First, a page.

Does Knowing The Calorie Count Change What Food You Decide To Order Online?

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When the Food and Drug Administration’s new calorie labeling rules go into effect next year, consumers will not only see calorie counts on menu boards in stores, but in online menus as well. But will coming face-to-face with your caloric decisions change what you order when you order food online?

A new study from researchers at Carnegie Mellon University and the University of Pennsylvania says yes, possibly, NPR’s The Salt reports.

“Calorie labels can be really helpful,” explains lead author Eric VanEpps. “We have what we think of as healthy categories like salad. But not every salad is healthier than every sandwich.”

He wanted to find out whether people would make healthier online food choices if calories were presented alongside each menu item. He and his team worked with a large health insurance company to develop an online lunch-ordering system for employees, that featured either “traffic light” coding on meals — healthful (green), less healthful (yellow) and not-so-healthful (red) meals — exact calorie counts, both kinds of labels, or no labels.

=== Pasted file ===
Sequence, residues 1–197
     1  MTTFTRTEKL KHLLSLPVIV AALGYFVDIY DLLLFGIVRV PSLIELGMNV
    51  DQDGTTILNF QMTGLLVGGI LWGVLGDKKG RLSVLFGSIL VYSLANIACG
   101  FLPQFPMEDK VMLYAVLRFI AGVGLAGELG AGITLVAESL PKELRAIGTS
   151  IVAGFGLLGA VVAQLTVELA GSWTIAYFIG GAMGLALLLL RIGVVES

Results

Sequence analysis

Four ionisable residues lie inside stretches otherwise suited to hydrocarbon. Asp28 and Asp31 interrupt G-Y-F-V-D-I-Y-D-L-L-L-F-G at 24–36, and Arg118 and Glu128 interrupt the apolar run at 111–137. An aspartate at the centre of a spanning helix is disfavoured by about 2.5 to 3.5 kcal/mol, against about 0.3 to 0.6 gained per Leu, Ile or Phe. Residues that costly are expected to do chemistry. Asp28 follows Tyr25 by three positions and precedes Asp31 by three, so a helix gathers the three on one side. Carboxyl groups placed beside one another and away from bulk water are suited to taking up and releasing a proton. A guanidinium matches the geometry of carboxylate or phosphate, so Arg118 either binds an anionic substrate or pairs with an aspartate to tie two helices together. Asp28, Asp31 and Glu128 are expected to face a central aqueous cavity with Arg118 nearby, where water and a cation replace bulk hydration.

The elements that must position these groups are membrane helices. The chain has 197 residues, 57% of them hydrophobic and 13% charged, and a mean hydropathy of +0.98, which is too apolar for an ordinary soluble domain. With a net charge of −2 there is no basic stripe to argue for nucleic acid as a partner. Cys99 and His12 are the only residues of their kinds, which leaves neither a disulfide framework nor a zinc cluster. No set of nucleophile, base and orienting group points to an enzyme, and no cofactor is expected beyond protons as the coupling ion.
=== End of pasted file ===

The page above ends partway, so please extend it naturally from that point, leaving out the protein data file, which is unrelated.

Workers who saw online menus that revealed some kind of information about the content of meals ordered about 10% fewer calories than people who didn’t see any health information.

Another researcher who conducted a study along those lines in a restaurant setting, and found that traffic light labels can help encourage healthful choices, but calorie counts don’t change ordering habits much.

“I do think this new study is an improvement on our knowledge, which is great,” Brenna Ellison, a food economist at the University of Illinois Urbana-Champaign, told The Salt. “Maybe when people [ordering online] have the time to sit down and think about it, they are attentive to the calorie information.”

Click For Fewer Calories: Health Labels May Change Online Ordering Habits [The Salt]

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